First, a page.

Today I had an interesting conversation with an 8 year old regarding hygiene. We were in the woods, I was pouring the drinks and the tower of beakers I was about to pour into fell over. “We can’t use those now, they’re dirty” said my little charge. “Really?” says I. “Yes, it’s unhygienic. My mum says if anything falls on the floor it’s dirty and we have to throw it away”. I think my reaction shocked him somewhat when I told him a bit of mud was good for him though obviously if the cup had touched poo or dead animal I would definitely give him a clean one. (In actual fact, to keep him happy I gave him a clean one anyway).muddy hands 50.jpg

But the point is that (sadly) this isn’t a rare occurrence at Forest School.

Research shows that there are profound benefits to a person’s immune system if exposed to the microbes in mud. A study done on children growing up on farms in Bavaria, who were regularly exposed to animals, dirt and drank unpasteurised milk had a drastically lower rates of asthma and allergies that those of their city neighbours. It has also been shown that the bacteria in mud complement and restore the bacteria in your gut which then has direct connections to immune system and overall health. There’s even a connection between mud microbes and improved mental health read more here….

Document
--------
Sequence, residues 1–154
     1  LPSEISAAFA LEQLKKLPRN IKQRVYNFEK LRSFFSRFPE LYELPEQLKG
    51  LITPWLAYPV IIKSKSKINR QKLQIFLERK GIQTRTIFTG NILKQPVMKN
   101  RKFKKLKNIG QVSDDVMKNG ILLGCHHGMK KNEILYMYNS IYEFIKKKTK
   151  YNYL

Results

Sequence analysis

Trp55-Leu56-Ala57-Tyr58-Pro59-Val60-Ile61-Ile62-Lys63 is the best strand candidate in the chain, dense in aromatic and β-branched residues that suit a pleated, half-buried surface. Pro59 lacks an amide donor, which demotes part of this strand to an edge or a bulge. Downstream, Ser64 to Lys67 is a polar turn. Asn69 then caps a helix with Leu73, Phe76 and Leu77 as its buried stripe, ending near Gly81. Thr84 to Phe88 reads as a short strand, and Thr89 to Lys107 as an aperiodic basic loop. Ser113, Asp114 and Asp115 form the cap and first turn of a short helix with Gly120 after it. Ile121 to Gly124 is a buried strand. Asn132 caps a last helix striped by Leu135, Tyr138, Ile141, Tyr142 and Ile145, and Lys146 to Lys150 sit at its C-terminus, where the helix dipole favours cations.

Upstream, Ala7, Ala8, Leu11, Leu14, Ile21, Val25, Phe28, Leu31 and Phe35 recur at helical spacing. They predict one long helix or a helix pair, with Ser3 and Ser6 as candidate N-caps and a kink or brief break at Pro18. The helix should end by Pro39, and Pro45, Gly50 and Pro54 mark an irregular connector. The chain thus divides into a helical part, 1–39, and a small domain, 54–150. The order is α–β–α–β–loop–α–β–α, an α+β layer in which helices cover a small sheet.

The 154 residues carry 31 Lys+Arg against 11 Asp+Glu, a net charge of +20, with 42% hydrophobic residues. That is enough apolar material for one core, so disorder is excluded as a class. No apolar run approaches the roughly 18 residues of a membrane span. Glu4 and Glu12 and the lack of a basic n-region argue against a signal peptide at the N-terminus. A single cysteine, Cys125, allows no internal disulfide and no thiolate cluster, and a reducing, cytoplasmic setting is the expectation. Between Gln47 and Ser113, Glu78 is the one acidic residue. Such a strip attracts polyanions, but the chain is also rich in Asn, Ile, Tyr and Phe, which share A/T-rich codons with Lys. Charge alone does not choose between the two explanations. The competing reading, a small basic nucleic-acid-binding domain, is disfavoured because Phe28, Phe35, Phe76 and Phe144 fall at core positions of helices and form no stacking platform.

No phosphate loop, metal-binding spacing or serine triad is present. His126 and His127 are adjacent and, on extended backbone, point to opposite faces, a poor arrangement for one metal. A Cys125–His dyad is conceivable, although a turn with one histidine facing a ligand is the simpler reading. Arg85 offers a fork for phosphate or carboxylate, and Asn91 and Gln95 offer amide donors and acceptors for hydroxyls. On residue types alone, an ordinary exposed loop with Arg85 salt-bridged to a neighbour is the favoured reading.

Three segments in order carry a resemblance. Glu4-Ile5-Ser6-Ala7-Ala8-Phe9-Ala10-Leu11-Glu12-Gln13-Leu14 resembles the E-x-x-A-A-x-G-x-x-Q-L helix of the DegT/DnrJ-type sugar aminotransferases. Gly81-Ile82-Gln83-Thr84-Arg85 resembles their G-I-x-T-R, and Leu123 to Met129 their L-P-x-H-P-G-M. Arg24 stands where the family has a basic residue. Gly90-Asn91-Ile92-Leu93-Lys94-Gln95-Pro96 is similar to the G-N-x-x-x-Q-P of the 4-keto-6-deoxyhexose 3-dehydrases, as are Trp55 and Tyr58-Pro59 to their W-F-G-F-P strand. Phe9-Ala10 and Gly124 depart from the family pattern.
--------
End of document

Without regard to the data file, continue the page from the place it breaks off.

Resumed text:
What we need to teach is, not only that getting muddy is ok but that it is scientifically proven to be good for you. So as a Forest School Leader, it is important to change the minds of those who have grown up with a warped perception of hygiene and live in a world of anti bacterial spray and antibiotics. We want them to become more relaxed with getting dirty and eventually embrace it until it becomes and integral part of life and we go back once again to working in tune with nature.